Results 1 to 9 of 9
  1. #1
    MarshSt is offline Aluminum
    Join Date
    Jan 2002
    Location
    Black Diamond,WA,USA
    Posts
    120

    Post

    I need to turque some head bolts and a couple will require a crows foot for access. How does that affect the torque values? Is there a formula based on the centerline length of the adaptor?
    Steve

  2. #2
    Join Date
    Dec 2003
    Location
    suburbs of Ann Arbor, MI, USA
    Posts
    12,270

    Post

    Check here, they work thru an example. I was a litle confused by "Y" and "T" but see the proof farther down the page, T = ultimate fastener torque at the crow's foot. Y = torque applied to the click or beam wrench.

    http://www.engineersedge.com/manufac...e_wrench_1.htm

  3. #3
    gar
    gar is offline Stainless
    Join Date
    Feb 2005
    Location
    Ann Arbor, Michigan USA
    Posts
    1,336

    Post

    To understand the logic view the mechanism as follows:

    First, assume your pivot point at the center of the nut. The torque applied to the nut is the force on the troque wrench handle times the distance from the nut center to the point of applied force. This is L + E. There are no shunt force paths. So T = (L+E) * F.

    We do not know the force. But we can determine the force from the torque wrench reading. Y is the reading of the torque wrench. Thus, F = Y / L.

    Thus, T = (L+E) * Y / L .

    L and E can be in any units so long as both are the same and T will be in the same units as Y.

    .

  4. #4
    winchman is offline Stainless
    Join Date
    Jun 2003
    Location
    Thomasville, GA
    Posts
    1,564

    Post

    You don't have to make any correction if you put the crow's foot at 90 degrees to the handle of the torque wrench.

    Roger

  5. #5
    morsetaper2 is offline Titanium
    Join Date
    Jul 2002
    Location
    Gaithersburg, MD USA
    Posts
    3,838

    Post

    You don't have to make any correction if you put the crow's foot at 90 degrees to the handle of the torque wrench.
    That is true because the "lever arm" is unchanged.

  6. #6
    TheMetalDoctor is offline Titanium
    Join Date
    Oct 2001
    Location
    San Jose, Ca. USA "That light at the end of the tunnel just might be......"
    Posts
    2,244

    Post

    From Winchman's example you can torque to the required value with no correction factor. To find the correction factor, torque at 90 deg and then straight on and note the difference in readings.

    TMD

  7. #7
    2-Ton is offline Aluminum
    Join Date
    Dec 2003
    Location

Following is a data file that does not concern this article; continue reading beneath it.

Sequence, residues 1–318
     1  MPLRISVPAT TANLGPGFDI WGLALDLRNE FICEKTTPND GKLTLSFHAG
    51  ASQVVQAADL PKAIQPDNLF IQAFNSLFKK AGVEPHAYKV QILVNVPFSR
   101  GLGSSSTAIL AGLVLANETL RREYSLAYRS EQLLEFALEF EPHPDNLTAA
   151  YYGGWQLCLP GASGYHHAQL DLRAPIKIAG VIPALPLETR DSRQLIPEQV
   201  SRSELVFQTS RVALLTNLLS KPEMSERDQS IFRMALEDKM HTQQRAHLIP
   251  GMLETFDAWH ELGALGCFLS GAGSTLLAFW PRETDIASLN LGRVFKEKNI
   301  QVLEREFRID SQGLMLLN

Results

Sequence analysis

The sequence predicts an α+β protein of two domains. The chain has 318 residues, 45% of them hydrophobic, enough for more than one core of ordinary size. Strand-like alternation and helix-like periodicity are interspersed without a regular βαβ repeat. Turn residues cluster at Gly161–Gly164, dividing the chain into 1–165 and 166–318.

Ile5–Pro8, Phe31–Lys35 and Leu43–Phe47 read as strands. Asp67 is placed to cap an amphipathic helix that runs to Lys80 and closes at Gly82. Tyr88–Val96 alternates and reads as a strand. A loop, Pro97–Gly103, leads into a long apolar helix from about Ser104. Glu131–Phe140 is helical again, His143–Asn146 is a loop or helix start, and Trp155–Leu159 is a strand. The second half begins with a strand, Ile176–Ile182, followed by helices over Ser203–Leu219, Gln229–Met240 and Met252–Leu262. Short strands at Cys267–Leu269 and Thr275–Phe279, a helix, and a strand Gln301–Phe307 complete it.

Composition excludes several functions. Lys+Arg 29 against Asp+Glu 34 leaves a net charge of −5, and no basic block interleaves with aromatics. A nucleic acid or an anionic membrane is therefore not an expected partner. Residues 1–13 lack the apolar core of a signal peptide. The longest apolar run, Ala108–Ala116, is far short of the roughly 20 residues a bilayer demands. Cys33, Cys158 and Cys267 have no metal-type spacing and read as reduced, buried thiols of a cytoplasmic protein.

Mokane,Mo.
    Posts
    91

    Post

    In the Nuke industry, we are required to use a crows foot at 90 degrees when torquing safety related equipment in the plant.

    2-Ton

  8. #8
    cheapo jim is offline Member
    Join Date
    Dec 2004
    Location
    Pleasanton, Ca
    Posts
    49

    Post

    There is something to remember in Matt's formula. "E" is not the length of the adapter. It is the increase (or decrease) in length between the wrench drive center and the adapter drive centerline as measured PARALLEL to "L". At 90 degrees, the value of "E" would be zero.

    With a 6" adapter at 45 degrees, "E" would not be 6". It would only be the added length measured Parallel to "L".

    jim

  9. #9
    MarshSt is offline Aluminum
    Join Date
    Jan 2002
    Location
    Black Diamond,WA,USA
    Posts
    120

    Post

    Well I got to the project today. Of course my Snap-On neighbor wasn't home so I had to buy a cheapo crows foot from the auto parts store and it was dead square with the drive socket so you can't turn it over to change orientation. The head bolt I need to torque is under the rocker arm shaft and of course the adaptor wouldn't plug onto the extension while it was fully engaged on the bolt head. One with about 1-1/2" centerline woul be nice. I worked up through the sequence and estimated the torque on the one bolt with an open end until the adaptor lined up. I lucked out and it all came into alignment so I was able to use it properly for the final go round. Thanks for the input.
    Steve

Bookmarks

Posting Permissions

  • You may not post new threads
  • You may not post replies
  • You may not post attachments
  • You may not edit your posts
  •